I’ve been neglecting this blog of late. In retrospect, I can appreciate that over the past few months, I’ve become a social hermit of sorts and took a long hiatus from all my usual routines, including snatching a moment or two for blogging. A few significant life changes lie at the center of this – leaving my old workplace and embarking on a new role in a new industry had me working long hours and busy learning the ropes again as I frantically tried to get up to speed with all the new processes and lingo. We’ve been doing some minor renovations in our new home – nothing dramatic – an attic fitout here and a lick of paint there but yet it still took ages and cost more than we expected. But most consumingly, we’ve embarked on a little farming project: ‘human farming’ so to speak and we’re expecting the arrival of our own limited edition genetic hybrid quite soon. I’ve been relatively fortunate throughout the process – no nausea or tiredness to speak of so I’d hoped to cash in on the aspects of pregnancy that I had been curiously looking forward to all my life: oddball food cravings. I have a very diverse diet and varied palate, so I’d often quietly speculated on the sorts of crazy cravings I would develop – perhaps an insatiable appetite for those fatty, dense mooncakes as my sister did during her first pregnancy? Or perhaps hot chips covered in chocolate sauce – as demanded by one Hollywood celebrity whilst she was pregnant. There are even rare cases of some women craving washing powder or clay.
But sadly no, nothing.
A few friends pointed out my odd food habits and labelled them as “pregnancy cravings”, and it was then that I conceded that my normal food habits resemble that of a pregnant woman with cravings. Stacking hash browns into my bacon and egg roll is normal for me. As is snacking on a bowl of pickled jalapenos on their own. And maybe following that with ice cream. Ice cream and pickles might be the stereotypical, pregnancy craving cliché but the Co-pilot mused on this and deduced it was pretty standard behaviour for me.
The other pregnancy aspect I’d most highly anticipated was the onset of an enormous appetite. Let’s not beat about the bush here – I have a remarkably gluttonous, greedy appetite for someone of my make and build. The Co-pilot has often remarked upon how it was fundamentally wrong that we normally eat roughly equal servings, yet he is a good 25kg heavier and 20cm taller. Pregnancy was going to be my get out of jail free card to eat like an unhinged starving beast. Picture that memorable No Face character from Hayao Miyazaki’s Spirited Away – that was going to be me and I was going to devour everything in sight with ferocious vigour!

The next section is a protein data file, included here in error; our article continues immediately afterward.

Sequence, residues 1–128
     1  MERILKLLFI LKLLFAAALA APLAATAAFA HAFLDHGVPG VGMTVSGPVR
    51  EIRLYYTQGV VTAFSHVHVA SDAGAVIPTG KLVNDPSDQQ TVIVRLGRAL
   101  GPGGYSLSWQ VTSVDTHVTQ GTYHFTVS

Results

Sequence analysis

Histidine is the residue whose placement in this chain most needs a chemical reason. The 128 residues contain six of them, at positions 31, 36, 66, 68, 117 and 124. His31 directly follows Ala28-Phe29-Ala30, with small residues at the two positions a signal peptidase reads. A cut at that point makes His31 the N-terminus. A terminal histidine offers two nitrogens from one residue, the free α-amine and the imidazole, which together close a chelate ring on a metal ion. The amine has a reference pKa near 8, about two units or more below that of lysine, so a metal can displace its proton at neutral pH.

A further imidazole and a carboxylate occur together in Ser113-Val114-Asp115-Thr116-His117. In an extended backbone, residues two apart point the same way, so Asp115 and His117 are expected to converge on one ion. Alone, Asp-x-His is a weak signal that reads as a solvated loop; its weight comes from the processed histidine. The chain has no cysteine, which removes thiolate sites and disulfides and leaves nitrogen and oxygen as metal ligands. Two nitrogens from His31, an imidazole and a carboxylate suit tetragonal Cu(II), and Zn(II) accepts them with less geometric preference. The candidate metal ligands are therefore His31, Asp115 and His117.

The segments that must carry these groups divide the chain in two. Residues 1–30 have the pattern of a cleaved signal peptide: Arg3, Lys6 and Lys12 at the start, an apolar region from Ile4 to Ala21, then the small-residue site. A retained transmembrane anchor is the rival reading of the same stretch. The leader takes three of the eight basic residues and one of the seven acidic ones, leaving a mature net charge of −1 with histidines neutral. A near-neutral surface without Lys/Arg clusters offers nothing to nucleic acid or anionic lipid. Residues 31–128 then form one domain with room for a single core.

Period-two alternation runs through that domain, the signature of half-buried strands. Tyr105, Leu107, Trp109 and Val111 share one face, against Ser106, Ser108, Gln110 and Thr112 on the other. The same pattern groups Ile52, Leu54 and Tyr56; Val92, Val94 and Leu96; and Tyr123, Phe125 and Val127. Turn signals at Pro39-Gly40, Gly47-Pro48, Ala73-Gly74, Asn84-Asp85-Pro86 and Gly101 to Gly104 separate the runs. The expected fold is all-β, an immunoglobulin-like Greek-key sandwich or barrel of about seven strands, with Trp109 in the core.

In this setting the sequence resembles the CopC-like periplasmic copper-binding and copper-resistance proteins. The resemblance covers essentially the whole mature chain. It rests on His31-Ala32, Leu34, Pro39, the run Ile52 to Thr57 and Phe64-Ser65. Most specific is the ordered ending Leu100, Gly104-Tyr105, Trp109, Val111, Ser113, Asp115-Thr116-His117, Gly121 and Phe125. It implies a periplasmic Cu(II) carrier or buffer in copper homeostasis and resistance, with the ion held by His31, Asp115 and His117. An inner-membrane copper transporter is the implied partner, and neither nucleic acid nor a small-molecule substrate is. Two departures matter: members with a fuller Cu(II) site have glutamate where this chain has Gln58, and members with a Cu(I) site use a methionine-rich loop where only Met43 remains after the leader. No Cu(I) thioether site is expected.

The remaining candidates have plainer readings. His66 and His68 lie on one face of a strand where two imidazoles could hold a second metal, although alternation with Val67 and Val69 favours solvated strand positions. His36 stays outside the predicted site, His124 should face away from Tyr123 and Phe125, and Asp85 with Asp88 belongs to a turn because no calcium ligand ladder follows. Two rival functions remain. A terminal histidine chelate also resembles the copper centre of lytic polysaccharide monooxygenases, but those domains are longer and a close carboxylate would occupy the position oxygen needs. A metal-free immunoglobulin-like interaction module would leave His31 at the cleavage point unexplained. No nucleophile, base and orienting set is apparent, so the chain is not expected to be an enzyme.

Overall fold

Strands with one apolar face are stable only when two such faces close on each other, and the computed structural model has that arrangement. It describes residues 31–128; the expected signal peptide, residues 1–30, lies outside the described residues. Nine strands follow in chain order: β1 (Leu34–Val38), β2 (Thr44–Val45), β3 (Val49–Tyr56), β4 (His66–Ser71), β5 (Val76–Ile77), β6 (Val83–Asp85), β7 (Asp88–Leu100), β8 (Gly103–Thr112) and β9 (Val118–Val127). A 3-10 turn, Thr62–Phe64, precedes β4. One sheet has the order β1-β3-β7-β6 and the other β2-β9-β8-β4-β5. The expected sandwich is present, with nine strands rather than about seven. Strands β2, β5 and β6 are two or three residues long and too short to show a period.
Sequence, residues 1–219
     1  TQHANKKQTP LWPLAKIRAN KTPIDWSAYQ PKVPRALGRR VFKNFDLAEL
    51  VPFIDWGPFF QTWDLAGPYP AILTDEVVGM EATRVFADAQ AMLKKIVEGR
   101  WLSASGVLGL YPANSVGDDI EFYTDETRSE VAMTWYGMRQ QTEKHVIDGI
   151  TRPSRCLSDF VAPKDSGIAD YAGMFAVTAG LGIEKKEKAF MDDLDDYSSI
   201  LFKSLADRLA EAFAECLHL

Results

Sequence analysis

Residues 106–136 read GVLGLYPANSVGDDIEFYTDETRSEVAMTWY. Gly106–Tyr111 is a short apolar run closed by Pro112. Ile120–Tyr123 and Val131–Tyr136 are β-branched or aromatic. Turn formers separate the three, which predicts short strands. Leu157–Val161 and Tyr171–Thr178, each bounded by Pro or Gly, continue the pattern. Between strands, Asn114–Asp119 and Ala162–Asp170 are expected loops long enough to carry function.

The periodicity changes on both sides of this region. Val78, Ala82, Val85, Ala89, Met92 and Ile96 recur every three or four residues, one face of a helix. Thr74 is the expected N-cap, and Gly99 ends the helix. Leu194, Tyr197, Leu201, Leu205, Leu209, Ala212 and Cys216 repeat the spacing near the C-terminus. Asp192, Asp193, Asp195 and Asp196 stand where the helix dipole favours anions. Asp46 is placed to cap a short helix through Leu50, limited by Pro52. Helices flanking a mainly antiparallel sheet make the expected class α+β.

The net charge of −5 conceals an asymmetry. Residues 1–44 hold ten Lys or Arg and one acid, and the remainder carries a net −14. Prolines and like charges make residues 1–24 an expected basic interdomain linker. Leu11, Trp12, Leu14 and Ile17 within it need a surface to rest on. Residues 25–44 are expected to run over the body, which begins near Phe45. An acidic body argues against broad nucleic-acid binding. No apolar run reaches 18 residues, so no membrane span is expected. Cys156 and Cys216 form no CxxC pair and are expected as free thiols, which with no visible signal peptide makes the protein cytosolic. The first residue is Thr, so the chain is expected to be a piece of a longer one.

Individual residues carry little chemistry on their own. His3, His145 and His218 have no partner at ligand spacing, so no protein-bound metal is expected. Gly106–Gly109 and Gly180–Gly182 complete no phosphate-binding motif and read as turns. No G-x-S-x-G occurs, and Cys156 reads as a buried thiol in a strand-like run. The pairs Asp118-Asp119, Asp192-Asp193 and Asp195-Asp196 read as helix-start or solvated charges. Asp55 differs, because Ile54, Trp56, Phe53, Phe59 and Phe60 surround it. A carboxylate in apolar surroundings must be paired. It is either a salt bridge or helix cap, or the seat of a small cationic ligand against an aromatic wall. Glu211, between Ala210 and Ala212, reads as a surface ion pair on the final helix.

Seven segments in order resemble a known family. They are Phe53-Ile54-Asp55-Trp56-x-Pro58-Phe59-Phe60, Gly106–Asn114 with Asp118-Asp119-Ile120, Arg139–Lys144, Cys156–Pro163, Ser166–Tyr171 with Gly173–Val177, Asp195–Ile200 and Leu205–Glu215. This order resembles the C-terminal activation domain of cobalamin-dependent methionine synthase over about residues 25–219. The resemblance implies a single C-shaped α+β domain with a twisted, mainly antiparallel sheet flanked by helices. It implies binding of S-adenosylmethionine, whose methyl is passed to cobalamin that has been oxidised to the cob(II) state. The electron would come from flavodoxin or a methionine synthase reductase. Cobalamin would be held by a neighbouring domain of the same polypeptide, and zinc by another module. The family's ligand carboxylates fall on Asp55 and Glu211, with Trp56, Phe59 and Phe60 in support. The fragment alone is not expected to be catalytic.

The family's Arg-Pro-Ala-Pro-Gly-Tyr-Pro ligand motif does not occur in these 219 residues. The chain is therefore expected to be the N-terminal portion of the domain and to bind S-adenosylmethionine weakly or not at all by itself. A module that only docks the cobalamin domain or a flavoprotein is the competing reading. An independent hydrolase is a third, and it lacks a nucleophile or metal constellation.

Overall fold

But sadly no, nothing.
In fact, the opposite happened and as my belly grew, my precious stomach space shrank and often after just a few bites, perhaps a quarter of my normal servings, I would experience excruciating stomach pains and be forced to stop eating. More often than not, I couldn’t even finish an entree sized portion without the onset of stomach pain, but feeling indignant would stubbornly push on through the pain, get partway through a main and have to leave with my stomach in spasms of pain for hours afterwards. So we stopped eating out in nicer establishments altogether and contented ourselves with cheap and cheerful eateries where doggie bags were routine and not sniffed upon. It was a very sad development indeed.
I’d all but resigned myself to ruling out all restaurant outings when an invitation to experience Public Dining Room’s new menu from a visiting international guest chef came my way. Chef Guillaume Zika has an impressive pedgiree having worked in boast-worthy Michelin-starred restaurants in Europe and New York including:
- 3 Michelin-starred Per Se in New York that we had the fortune to experience a while ago
- 3 Michelin-starred Le Grand Vefour, Paris
- 2 Michelin-starred Le Moulin de Mougins, Paris
- 2 Michelin-starred Relais Louis XVII, Paris
- and most recently, he was head chef at the 2 Michelin-starred Hibiscus Restaurant in London
Now Sydney has secured him for a brief sojourn as guest chef at Public Dining Room at Balmoral and his initial 5 course degustation offering was scheduled over 8 weeks and sold out in a mere 48 hours. From mid September until the end of October he is offering diners a Parisian inspired set menu, appropriately entitled “A Night in Paris”. Stomach pain or not, I simply couldn’t resist this invitation. If eating out comes with the backhanded slap of searing stomach pain, then I’d better make it worthwhile and ensure it’s a darn fine meal. So one balmy Friday night, the Co-pilot and I made our way to Balmoral Beach for a rare date night.